“Ultimately, we’re trying to have an impact on profitability, and offer the best deals for our insureds,” she said. “When there are inefficiencies in pricing the underwriting, some insureds end up subsidizing other insureds. We can refine that approach – we can create a better solution for our insureds – but we can also improve the loss ratio.”

Holmes declined to give further specifics on the data sources, saying it would give away XL’s competitive advantage to reveal its methods. In commercial insurance, these types of predictive analytics are still far from industry standard, and insurers are reluctant to reveal much about their approach.

Lucker reckoned that about half of commercial-lines insurers employ this type of predictive analytics in their policy underwriting. Holmes said XL Group, with its 2011 initiative, was the first to apply these methods to medium- and large-sized commercial lines, and that while other insurers do piecemeal analytics for their underwriting, few other insurers have yet adopted an enterprise-wide effort to underwrite with these methods.

Among the rest, some are merely figuring out how go about this type of data change, Lucker said; others are still skeptical that a major change in underwriting practices is even worth the trouble.

“Compared with a lot of other industries, [insurers] are laggards in this stuff,” said Stuart Rose, global insurance marketing manager for software vendor SAS. In their defense, he added, the famously conservative industry is dotted with companies that have survived decades or centuries precisely because they are risk-averse, prone to carefully weighing options before leaping into a new innovation.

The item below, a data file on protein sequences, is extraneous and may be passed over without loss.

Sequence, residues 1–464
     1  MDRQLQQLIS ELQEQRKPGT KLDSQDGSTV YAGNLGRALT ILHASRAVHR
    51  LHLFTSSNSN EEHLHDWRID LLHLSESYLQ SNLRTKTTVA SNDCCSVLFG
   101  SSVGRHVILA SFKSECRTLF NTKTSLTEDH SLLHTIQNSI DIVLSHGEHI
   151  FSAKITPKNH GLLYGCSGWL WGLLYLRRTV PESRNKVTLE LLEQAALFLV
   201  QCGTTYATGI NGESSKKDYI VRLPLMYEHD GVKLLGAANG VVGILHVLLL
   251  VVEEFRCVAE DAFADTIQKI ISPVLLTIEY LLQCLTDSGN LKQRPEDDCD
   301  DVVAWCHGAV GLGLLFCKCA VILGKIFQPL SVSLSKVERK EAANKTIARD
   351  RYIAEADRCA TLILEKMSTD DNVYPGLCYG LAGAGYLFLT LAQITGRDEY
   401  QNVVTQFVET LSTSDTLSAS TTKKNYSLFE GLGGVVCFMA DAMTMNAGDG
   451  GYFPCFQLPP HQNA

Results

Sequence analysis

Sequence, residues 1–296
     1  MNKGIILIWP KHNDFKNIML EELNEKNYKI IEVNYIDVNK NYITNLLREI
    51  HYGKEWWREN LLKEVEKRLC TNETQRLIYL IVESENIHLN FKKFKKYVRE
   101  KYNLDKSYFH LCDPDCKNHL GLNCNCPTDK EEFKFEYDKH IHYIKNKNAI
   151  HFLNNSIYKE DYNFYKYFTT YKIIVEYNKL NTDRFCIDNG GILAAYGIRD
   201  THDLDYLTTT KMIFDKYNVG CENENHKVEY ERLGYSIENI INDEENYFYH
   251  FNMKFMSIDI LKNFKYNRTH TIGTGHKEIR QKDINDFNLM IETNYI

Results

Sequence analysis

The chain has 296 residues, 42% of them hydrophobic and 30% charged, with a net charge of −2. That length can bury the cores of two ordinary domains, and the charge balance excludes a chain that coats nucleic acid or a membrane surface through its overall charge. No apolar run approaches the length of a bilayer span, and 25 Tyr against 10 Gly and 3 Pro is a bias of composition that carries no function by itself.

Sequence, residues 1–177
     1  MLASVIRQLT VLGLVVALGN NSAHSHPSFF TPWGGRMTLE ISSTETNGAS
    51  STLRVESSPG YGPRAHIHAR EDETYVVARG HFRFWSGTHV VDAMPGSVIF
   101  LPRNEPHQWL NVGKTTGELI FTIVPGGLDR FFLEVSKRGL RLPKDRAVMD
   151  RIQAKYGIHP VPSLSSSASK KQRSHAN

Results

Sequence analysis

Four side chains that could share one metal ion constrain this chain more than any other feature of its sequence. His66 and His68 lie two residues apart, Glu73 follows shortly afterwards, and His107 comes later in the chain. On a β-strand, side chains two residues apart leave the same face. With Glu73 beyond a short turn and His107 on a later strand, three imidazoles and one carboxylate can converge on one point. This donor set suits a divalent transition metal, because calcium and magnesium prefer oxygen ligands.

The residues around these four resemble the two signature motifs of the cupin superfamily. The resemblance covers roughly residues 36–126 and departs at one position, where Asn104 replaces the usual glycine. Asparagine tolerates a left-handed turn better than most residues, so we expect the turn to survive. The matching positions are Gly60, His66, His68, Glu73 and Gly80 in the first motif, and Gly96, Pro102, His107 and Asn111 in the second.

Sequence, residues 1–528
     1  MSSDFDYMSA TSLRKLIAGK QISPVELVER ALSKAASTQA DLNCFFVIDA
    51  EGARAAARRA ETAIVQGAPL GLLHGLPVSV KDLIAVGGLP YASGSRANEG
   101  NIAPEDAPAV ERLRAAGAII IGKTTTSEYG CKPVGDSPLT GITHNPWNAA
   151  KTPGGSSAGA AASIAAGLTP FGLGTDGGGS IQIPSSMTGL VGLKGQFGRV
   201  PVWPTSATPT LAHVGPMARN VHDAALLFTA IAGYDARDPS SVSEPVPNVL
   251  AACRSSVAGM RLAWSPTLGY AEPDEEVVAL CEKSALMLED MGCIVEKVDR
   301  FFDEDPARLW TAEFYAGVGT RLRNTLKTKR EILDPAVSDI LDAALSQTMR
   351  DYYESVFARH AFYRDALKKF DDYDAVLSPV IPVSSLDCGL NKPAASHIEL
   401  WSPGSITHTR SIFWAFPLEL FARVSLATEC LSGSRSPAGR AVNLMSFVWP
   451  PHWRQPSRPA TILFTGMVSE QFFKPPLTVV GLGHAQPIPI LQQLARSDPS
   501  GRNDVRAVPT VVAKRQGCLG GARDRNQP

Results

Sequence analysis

But, Rose said, it’s not surprising that personal insurers are years ahead of commercial lines in terms of predictive analytics in underwriting. Personal-lines insurers, after all, have a massive amount of data to draw from. Consider how many millions of people drive and own homes; each is a data point that insurers can use in their analysis. Commercial policies, by contrast, are a much smaller group, and tend to price risks by relying heavily on internal information that they’ve gathered themselves over years of underwriting.

But that’s starting to change, in large measure, because of the explosion of reliable data sources now available to them, while software vendors, meanwhile, are stepping up to offer the technology to analyze this new wealth of information.

Previously, commercial insurers were using maybe a dozen variables in their underwriting analysis, Rose said; insurers who use predictive analytics are now using hundreds of variables to make those decisions.

XL’s Holmes said many commercial insurers had the mindset that commercial lines’ relative smallness meant they couldn’t gain the same kinds of benefits.

But commercial companies don’t even need to be as precise in their underwriting as an auto insurer, she said, because these commercial policy limits are each so much larger. When the scale is that much greater, even avoiding a few losses or charging more per policy for a handful of poorer risks can have an impact.

“When you offer $25 million policy limits, even if you can identify the worst 5 percent and avoid one loss every two years, that’s a huge amount of savings,” she said.

Laura Schreier, a freelance writer based in Boston, can be reached at lauraschreier@gmail.com.

Home page image of Republic Fire Insurance Co. of New York from 1860 from Library of Congress via Wikipedia.